> for everything you need. That's wrong. You need to release those  
> parent POMs and the dependencies in them. It is natural to have  
> SNAPSHOTs for the project in question, for CI and while you're  
> developing. But a SNAPSHOT in a dependency means that you, as a  
> last resort, had to use something in flux because it cannot work  
> otherwise. This immediately should signal you to contact that  
> project to fix it, and release it. And again, because all your  
> dependent projects seem to share many of the developers you should  
> be able to do that.

Lots of projects do fine... sure.  Smaller projects with less  
requirement for durable/repeatable and stable builds should work  
fine.  But larger projects, with more moving parts that need to have  
builds repeatable over 10 years+ (with no changes to tags) will  
almost certainly fall flat on their faces when using mvn... UNLESS  
certain precautions and limitations are heeded.

The same is true for almost any other build tool... make and ant both  
can end up in the same situation... BUT... the key difference is that  
mvn makes it way to easy to get into a situation where your builds  
are non-durable and non-stable right out of the box.  Its got  
instabliltiy and non-durability built right into it with its remote  
repository... a problem which make and ant do not suffer from... and  
a reason why ant is more prevalent in commercial shops than mvn is.

  * * *

Anyways, I'm gonna stop here.  I could certainly go on and respond to  
everything in this mail... but I don't see the point.

My purpose was not to diss mvn here... but more so to suggest that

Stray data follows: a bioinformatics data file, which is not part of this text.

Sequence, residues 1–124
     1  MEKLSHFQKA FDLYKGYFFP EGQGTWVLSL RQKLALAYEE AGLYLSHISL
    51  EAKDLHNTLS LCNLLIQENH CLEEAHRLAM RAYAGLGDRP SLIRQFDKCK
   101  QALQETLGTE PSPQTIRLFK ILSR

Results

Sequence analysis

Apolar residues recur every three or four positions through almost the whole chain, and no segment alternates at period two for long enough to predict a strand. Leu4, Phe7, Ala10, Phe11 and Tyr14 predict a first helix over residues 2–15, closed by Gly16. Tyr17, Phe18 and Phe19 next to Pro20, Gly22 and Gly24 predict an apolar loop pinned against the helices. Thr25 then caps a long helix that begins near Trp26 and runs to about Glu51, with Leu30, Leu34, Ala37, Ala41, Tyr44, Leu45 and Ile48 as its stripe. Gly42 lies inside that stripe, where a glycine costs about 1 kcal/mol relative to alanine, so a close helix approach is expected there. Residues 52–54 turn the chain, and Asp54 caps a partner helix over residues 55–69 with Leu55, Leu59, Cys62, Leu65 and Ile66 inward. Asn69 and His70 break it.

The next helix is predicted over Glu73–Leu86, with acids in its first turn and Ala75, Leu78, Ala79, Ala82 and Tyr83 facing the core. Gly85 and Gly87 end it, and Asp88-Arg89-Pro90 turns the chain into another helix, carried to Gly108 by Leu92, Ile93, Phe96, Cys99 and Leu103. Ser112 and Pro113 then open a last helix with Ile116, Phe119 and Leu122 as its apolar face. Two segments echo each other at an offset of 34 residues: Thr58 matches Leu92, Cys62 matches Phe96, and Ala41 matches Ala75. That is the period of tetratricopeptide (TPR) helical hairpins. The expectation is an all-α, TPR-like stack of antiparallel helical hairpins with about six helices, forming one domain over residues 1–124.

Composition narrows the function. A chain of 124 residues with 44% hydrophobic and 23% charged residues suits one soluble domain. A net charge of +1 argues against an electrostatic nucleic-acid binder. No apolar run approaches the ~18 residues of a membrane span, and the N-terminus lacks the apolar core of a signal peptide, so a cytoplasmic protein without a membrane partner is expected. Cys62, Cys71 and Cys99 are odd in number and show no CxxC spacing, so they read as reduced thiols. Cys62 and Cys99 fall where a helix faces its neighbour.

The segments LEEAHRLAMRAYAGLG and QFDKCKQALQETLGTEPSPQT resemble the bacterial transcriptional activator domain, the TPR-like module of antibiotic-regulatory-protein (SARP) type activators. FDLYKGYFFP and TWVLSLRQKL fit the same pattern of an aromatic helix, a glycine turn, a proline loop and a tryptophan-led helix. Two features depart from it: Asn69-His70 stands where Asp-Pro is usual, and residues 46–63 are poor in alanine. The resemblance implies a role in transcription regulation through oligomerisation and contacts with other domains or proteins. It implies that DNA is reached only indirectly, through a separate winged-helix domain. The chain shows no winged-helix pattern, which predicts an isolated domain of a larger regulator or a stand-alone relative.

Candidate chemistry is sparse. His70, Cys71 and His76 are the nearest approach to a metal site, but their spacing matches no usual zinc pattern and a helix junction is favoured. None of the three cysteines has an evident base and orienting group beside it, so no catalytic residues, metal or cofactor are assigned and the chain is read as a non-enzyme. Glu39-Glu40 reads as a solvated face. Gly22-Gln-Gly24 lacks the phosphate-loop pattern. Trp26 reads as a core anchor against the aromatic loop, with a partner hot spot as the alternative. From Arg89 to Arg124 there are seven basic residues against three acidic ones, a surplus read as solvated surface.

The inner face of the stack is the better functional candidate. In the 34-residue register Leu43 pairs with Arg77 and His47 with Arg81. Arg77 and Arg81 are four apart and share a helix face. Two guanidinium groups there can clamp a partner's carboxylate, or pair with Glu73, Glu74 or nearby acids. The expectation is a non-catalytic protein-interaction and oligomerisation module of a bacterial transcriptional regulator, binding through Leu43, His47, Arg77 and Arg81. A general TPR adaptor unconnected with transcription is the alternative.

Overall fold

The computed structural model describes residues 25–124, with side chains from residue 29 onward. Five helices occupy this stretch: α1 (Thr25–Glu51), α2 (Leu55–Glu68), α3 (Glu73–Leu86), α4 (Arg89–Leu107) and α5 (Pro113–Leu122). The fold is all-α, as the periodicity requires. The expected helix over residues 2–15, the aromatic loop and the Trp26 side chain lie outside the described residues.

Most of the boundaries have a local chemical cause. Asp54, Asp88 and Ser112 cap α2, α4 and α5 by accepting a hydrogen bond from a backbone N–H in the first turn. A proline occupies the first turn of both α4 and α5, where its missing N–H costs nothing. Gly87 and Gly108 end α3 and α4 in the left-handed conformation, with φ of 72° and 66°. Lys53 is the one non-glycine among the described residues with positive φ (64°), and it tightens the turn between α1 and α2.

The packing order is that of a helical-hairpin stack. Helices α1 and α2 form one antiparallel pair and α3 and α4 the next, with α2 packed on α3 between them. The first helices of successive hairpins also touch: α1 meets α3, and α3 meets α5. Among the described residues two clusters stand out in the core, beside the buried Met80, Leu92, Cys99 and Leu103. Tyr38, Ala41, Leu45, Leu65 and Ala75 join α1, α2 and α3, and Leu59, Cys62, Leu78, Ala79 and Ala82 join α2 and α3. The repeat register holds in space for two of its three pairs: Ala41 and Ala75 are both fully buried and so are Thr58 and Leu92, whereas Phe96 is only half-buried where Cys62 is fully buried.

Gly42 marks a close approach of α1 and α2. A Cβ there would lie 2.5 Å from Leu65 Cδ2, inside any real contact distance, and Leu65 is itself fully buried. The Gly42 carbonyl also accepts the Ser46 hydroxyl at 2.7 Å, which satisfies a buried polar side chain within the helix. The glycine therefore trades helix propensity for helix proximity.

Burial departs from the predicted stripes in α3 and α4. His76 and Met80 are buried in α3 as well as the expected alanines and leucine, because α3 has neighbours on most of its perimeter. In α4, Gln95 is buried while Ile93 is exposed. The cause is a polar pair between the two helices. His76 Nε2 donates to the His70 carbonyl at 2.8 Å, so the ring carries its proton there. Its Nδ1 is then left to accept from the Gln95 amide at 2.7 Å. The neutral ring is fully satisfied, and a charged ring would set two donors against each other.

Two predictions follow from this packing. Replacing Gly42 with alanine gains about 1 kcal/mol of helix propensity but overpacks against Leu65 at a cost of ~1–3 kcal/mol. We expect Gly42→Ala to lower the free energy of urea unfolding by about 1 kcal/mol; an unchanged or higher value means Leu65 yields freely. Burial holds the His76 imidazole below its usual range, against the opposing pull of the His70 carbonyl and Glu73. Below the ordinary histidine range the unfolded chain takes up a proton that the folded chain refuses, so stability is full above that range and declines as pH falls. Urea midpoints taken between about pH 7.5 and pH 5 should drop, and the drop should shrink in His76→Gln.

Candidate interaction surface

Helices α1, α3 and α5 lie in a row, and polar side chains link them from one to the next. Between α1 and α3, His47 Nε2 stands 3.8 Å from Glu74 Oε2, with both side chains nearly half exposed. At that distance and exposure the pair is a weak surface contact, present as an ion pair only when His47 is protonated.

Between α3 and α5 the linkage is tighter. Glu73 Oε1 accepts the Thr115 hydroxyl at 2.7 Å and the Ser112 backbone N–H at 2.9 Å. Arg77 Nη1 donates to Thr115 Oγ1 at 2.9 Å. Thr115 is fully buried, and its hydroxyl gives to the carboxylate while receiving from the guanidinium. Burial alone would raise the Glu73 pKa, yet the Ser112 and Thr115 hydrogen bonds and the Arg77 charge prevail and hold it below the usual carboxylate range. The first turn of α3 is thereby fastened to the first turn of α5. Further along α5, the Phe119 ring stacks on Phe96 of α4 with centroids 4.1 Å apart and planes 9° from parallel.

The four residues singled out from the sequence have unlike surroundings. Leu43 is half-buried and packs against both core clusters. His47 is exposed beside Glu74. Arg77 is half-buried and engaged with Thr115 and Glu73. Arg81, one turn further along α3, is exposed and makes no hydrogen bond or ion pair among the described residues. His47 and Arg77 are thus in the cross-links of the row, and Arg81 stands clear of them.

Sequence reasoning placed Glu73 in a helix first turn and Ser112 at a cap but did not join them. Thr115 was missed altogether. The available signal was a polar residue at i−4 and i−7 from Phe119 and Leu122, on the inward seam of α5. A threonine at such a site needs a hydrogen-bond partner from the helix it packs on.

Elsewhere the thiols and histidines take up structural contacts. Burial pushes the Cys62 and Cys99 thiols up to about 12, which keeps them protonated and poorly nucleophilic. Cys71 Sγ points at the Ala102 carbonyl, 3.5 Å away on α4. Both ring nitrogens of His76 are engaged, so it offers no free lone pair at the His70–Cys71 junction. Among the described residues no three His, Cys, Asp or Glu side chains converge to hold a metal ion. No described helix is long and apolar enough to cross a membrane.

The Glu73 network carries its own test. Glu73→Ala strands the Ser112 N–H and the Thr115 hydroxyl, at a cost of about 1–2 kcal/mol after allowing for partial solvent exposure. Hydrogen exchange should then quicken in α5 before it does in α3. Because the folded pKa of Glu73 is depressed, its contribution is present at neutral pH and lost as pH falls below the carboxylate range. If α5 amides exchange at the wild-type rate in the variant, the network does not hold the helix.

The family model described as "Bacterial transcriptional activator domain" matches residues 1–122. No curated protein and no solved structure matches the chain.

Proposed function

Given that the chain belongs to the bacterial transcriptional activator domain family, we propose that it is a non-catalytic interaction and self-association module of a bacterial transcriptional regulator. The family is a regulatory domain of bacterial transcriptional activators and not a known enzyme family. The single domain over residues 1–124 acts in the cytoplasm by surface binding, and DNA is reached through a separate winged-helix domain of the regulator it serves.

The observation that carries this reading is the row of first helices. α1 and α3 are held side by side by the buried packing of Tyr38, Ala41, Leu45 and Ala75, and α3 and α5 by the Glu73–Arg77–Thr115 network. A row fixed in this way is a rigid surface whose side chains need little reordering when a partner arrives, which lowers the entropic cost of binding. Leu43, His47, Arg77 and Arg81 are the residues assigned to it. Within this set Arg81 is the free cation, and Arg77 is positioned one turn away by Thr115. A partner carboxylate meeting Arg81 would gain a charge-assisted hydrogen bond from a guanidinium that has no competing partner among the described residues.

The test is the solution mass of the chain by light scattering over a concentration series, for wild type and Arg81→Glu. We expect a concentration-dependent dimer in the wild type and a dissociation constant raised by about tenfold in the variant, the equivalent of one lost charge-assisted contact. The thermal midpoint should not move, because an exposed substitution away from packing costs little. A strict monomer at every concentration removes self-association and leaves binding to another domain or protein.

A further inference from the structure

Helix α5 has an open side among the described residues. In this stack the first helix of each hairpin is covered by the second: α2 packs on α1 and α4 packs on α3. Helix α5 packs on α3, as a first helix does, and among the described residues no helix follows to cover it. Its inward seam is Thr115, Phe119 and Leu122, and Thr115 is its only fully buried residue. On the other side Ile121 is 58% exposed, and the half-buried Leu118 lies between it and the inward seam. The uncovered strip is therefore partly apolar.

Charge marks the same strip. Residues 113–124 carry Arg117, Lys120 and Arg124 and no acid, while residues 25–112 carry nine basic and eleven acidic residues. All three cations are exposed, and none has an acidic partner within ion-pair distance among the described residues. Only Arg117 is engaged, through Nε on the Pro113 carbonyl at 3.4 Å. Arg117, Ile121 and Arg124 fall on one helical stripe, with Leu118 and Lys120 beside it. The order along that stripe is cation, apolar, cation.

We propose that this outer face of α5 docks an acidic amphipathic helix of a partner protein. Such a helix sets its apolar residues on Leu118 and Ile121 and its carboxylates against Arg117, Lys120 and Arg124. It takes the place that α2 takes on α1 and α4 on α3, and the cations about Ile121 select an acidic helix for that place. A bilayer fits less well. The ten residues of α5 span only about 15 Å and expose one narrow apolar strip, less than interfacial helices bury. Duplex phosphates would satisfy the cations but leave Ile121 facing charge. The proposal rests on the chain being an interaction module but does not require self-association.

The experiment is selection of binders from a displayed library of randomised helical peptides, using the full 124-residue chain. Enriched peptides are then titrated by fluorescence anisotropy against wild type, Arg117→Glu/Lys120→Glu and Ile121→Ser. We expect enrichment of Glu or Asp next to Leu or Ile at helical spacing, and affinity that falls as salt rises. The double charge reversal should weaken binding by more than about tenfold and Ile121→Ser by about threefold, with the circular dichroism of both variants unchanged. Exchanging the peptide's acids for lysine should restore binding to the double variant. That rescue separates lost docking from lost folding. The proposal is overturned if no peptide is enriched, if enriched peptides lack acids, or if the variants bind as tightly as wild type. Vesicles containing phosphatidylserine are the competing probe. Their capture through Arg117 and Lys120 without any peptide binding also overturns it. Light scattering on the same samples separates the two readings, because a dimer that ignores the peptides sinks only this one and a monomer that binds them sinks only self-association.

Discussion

there are more effective ways to use mvn which fit better into our  
integration model... there are better ways to use mvn ASIS with the  
requirements/restrictions we have now.

But even more so... my point was... that changes that have been made  
recently have really fucked over the work I have been doing to  
produce automated reliable durable builds for our projects... and  
yes, based on all those SNAPSHOTS of all those projects.

I had it working and it was working well... until the model of  
versioning specs changed... more specifically since the specs/trunk  
branch could not actually build and now it builds artifacts which are  
not being using by anything... the bits that are needed are now only  
available to build off of little spec module branches, which is a  
huge pain to automate.

IMO the only problem specific to maven here.... is that this  
versioning model was allowed by maven and even more so promoted by  
mvn since that is  how you folks manage your plugin modules.  So we  
have the lemmings following by example... right off the cliff.

And lastly... none of this is anything I consider mine... or my  
own... its all junk that I have picked up and been trying to fix.   
And at one point I did believe that mvn was going to help me do  
that... in retrospect... Ant would have been a better tool.... less  
bugs... less mystery... less time trying to figure out just what the  
fuck broke.

I cant' even count the number of times I have had to nuke my local  
repo, rebuld specs, openejb, g by hand to debug someone else's mvn  
problem... even more prevalent is the number of times I have heard of  
other people doing the same.  We spend more time fucking with mvn  
than we do actually writing code for Geronimo... and that is  
certainly a sign that something is wrong.